Since the dispersing & mixing period of time is substantially proportional to the surface dye density of the toner, the surface dye density can be adjusted by adjusting the dispersing & mixing period of time. To adjust the surface dye density in a finer manner, it is preferable to combine the adjustment of the proportion of the electric charge controlling dye with the adjustment of the dispersing & mixing period of time.

For obtaining a predetermined surface dye density or a predetermined surface presence rate of dye, the dispersing & mixing period of time is not specifically limited, but may be suitably determined according to the type of a stirring device to be used, the stirring speed, the blending proportion of the whole toner components and the like.

As far as the toner-surface presence rate of electric charge controlling dye is in the range from 10 to 27% by weight, the surface dye density of toner particles is not specifically limited to the range above-mentioned. In view of reduction in falling of the electric charge controlling dye from toner particles, the surface dye density may be in the range from 1.010-3 to 4.010-3 g/g.

According to the present invention, the particle size of the electrophotographic toner is preferably from 3 to 35 μm and more preferably from 5 to 25 μm.

To improve the flowability and electric charging characteristics, the electrophotographic toner of the present invention may be covered at the surface thereof with a surface treating agent (a fluidizing agent). As the surface treating agent, there may be used any of a variety of conventional agents such as inorganic fine particles, fluoroplastic particles and the like. Preferably, there may be used a silica-type surface treating agent containing hydrophilic or hydrophobic silica fine particles such as silica anhydride in the form of microfine particles, coloidal silica or the like.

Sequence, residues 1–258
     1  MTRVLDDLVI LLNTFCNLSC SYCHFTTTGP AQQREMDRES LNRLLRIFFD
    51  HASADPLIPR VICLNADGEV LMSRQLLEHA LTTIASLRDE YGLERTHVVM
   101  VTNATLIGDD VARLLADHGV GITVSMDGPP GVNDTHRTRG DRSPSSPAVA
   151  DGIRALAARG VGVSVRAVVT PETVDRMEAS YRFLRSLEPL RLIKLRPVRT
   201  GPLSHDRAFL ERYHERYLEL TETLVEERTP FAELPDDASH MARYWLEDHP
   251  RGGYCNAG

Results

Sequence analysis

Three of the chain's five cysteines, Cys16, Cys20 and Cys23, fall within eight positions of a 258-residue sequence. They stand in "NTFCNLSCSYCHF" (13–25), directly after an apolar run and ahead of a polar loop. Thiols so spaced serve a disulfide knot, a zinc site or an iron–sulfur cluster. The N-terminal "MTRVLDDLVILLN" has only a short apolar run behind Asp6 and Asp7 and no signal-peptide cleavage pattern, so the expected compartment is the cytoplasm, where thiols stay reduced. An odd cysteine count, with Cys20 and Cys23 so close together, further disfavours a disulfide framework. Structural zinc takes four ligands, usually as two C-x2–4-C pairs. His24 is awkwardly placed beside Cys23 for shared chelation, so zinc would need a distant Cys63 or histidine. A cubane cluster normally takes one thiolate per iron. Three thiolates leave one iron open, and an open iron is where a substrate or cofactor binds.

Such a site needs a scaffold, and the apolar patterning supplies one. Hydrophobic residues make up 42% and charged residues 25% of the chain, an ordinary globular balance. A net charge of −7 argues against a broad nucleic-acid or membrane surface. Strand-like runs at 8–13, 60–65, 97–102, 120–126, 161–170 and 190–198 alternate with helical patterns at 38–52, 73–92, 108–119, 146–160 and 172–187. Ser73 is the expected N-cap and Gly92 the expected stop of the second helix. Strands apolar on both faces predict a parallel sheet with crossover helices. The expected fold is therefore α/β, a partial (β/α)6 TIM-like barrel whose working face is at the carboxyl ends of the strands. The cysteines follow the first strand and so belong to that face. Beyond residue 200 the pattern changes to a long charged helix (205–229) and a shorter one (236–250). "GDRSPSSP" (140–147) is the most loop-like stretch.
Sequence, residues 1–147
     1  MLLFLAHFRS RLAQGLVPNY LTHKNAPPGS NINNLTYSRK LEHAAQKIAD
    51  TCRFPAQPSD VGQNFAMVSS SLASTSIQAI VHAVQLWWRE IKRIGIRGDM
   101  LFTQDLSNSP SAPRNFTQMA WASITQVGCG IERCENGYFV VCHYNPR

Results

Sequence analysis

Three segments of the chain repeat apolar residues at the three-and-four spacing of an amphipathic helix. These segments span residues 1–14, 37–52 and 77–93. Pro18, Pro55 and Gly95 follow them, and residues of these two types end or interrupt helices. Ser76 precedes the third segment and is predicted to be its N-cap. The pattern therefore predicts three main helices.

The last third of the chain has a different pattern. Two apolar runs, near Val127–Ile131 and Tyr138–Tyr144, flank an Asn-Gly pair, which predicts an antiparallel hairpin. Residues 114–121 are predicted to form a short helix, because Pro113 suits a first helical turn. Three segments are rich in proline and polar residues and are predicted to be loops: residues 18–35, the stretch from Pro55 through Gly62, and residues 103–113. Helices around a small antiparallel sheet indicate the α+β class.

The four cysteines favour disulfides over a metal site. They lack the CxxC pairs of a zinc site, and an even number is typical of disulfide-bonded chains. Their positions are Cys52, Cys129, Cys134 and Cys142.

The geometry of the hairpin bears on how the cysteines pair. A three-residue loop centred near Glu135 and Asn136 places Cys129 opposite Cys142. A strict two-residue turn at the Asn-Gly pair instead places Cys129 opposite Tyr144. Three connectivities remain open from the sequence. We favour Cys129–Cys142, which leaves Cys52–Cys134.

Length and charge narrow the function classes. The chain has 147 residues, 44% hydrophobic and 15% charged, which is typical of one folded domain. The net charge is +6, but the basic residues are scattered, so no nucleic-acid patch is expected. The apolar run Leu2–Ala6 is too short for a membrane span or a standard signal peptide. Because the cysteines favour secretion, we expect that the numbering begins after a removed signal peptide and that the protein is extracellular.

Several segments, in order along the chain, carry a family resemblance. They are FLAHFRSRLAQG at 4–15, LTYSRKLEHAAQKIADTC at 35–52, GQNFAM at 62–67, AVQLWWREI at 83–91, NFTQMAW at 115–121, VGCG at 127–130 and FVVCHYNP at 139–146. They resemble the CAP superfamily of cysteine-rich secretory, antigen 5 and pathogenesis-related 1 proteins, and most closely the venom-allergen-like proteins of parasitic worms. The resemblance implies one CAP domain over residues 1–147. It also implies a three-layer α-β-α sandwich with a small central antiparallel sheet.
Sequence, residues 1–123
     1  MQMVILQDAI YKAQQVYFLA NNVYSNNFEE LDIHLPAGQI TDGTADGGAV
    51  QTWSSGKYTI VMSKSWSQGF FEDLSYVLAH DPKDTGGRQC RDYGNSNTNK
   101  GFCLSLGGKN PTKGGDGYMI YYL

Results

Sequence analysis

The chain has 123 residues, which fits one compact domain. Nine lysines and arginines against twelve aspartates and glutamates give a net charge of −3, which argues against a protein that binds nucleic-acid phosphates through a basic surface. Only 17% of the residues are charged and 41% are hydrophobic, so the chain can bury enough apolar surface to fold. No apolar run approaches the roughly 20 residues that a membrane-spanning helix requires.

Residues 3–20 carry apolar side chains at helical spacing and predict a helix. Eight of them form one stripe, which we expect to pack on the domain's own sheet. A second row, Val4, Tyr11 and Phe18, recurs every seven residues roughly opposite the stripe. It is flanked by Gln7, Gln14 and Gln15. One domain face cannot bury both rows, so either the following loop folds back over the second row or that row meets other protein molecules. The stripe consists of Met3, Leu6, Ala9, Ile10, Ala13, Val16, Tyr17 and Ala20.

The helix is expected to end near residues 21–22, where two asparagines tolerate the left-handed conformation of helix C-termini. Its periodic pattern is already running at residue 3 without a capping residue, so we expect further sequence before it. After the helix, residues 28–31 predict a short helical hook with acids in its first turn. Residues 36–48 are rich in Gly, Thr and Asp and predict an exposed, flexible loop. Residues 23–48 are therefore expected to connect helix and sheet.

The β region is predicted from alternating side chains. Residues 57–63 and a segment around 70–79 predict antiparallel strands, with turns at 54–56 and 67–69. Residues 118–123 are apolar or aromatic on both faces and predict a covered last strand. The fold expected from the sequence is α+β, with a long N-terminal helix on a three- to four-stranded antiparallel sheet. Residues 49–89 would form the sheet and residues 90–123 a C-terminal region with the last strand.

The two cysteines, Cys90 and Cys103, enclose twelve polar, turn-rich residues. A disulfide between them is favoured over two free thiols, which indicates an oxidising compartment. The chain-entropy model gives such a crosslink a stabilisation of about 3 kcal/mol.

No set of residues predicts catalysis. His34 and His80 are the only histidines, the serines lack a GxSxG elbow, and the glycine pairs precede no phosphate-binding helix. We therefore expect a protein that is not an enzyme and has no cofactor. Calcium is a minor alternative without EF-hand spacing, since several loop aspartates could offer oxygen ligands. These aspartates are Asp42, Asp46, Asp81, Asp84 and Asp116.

According to the present invention, the electrophotographic toner may be mixed with a magnetic carrier such as ferrite, iron powder or the like and used as a two-component developer for an image forming apparatus.

The electrophotographic toner according to the present invention may be applied as any of a variety of conventional electrophotographic toners including not only a black toner for normal monochrome image forming, but also a color toner for full-color image forming in which the fixing resin contains a coloring agent and an electric charge controlling dye.

EXAMPLES

The following description will discuss the present invention with reference to Examples thereof and Comparative Examples.

EXAMPLES 1 TO 4 AND COMPARATIVE EXAMPLES 1 TO 2 (Surface Dye Density)

With the use of a Henschel mixer, 100 parts by weight of a styrene-acrylic copolymer as a fixing resin, 10 parts by weight of carbon black as a coloring agent, 2.5 parts by weight of low-molecular-weight polypropylene as an off-set preventive agent, and each of the amounts shown in Table 1 of a chromium-containing monoazo dye as an electric charge controlling dye, were dispersed and mixed for each of the periods of time shown in Table 1, thereby to prepare a mixture. The Henschel mixer was once temporarily stopped after about 95% of each of the dispersing & mixing periods of time in Table 1 has passed from the start of dispersing & mixing, and 30 parts by weight of fine powder was then added to each of the mixtures, after which each of the resulting mixtures was continuously dispersed and mixed for each of the remaining periods of time. As the fine powder, there was used fine powder of each of the toners which had been previously produced with the same proportions and compositions and which had particle sizes of not greater than 5 μm as cut after classified.